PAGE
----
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Why there's no such thing as a 'normal' Friday... 01 Oct 2010

Vitaly Petrov (RUS) Renault R30.
Formula One World Championship, Rd 11, German Grand Prix, Practice Day, Hockenheim, Germany, Friday, 23 July 2010 Robert Kubica (POL) Renault.
Formula One World Championship, Rd 10, British Grand Prix, Practice Day, Silverstone, England, Friday, 9 July 2010 Renault change a tyre.
Formula One World Championship, Rd 11, German Grand Prix, Qualifying Day, Hockenheim, Germany, Saturday, 24 July 2010 Vitaly Petrov (RUS) Renault.
Formula One World Championship, Rd 10, British Grand Prix, Practice Day, Silverstone, England, Friday, 9 July 2010 Renault R30 has its engine air box worked on.
Formula One World Championship, Rd 3, Malaysian Grand Prix, Preparations, Sepang, Malaysia, Thursday, 1 April 2010

Friday at a Grand Prix is always a hectic time, even though the teams’ end-of-day press releases usually just talk about a 'normal Friday'. There's a massive amount of work to shoehorn into just three hours of track time. Tyre compounds need evaluating, data needs collecting, and the drivers must find a good set-up direction for the rest of the weekend. But what exactly does it all involve? Renault explain more…

To tackle these tasks, Renault drivers Robert Kubica and Vitaly Petrov usually work together and pool their data to ensure the team gets through the workload. Of course, there are some things that both drivers need to assess, such as the feel for tyres, but it's not necessary to repeat everything with each car.

On Friday, the cars run with varying fuel loads across the sessions, usually starting with low-fuel runs to allow the drivers to assess set-up changes and get an understanding for the car. The high-fuel runs will be used to assess tyre degradation, brake wear and race pace, and will help the engineers plan the race strategy. In this way, the team works with both qualifying and the race in mind.

As well as dialling the car into the track, Friday represents the only real chance to test and validate new upgrades. For example, Renault developed some new gearbox parts recently and ran them on the car on three different Fridays before finally racing them. At the recent Belgian Grand Prix, Renault focused on validating the team’s F-duct to see if its performance would match the factory simulations.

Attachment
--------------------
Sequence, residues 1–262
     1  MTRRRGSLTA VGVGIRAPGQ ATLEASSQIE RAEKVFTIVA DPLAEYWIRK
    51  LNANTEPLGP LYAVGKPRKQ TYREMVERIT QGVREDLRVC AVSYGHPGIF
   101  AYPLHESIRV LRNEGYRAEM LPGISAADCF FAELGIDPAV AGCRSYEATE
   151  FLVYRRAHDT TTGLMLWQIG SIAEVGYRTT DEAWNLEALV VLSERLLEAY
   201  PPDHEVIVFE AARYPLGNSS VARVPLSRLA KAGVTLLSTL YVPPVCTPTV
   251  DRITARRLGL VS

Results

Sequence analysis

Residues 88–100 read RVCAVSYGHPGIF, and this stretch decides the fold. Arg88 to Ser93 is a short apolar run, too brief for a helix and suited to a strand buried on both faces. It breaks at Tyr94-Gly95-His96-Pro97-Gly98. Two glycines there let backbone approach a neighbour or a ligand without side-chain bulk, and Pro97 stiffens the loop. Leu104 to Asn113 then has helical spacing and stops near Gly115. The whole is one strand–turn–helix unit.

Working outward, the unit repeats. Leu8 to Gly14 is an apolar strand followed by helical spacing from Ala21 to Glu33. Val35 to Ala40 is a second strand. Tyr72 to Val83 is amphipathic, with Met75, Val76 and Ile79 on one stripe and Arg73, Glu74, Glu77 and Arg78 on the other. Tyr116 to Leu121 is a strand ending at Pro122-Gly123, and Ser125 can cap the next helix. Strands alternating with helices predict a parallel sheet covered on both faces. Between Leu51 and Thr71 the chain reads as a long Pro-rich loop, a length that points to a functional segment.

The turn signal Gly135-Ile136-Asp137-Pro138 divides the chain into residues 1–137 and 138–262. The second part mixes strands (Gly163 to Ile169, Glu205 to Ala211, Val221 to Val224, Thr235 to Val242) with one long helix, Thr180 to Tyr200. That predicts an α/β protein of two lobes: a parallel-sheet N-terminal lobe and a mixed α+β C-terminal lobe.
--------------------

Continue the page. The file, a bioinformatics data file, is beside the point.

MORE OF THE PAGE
Perhaps the main challenge facing the team on the first day of practice is evaluating the tyres compounds, especially because the allocation is so restricted. In Free Practice One just one set of prime tyres are available, which can only be used in this session, while for Free Practice Two there are just one set of primes and one set of options. Each driver never has more than one set of each compound available during either of the Friday sessions, which means fresh rubber is always in short supply.

Formula One’s official tyre suppliers Bridgestone bring two dry tyre compounds to each race, selected from their range of hard, medium, soft and super soft. Normally they choose compounds that are two steps apart. For example, in Japan next weekend Renault will have use of a hard (prime) tyre and a soft (option) tyre. At some circuits the difference between the two compounds can be small in terms of speed and durability, while at others it proves to be far greater. Assessing that difference is another of Friday’s key tasks for the team, helping them to plan their tyre strategy for the weekend.

At the end of the Friday sessions there's still plenty of work to be done. The team can change anything on the cars overnight and it's not uncommon to see the mechanics burning the midnight oil as they strip and rebuild the cars. The occasional all-nighter isn't out of the question either. The usual routine involves a change of engines and gearboxes to fit the race units, as well as replacing radiators and some suspension components. And of course, it's the time to make those important set-up changes that are needed for Saturday morning.

The final Friday challenge is trying to interpret the timesheets and gauge competitiveness. It's certainly not an easy task, with lap times on low and high fuel loads varying by as much as four seconds, but the engineers usually have a fair idea of the pecking order by the end of the day. By looking at the short and long run pace of others, an assessment can be made of overall competitiveness.

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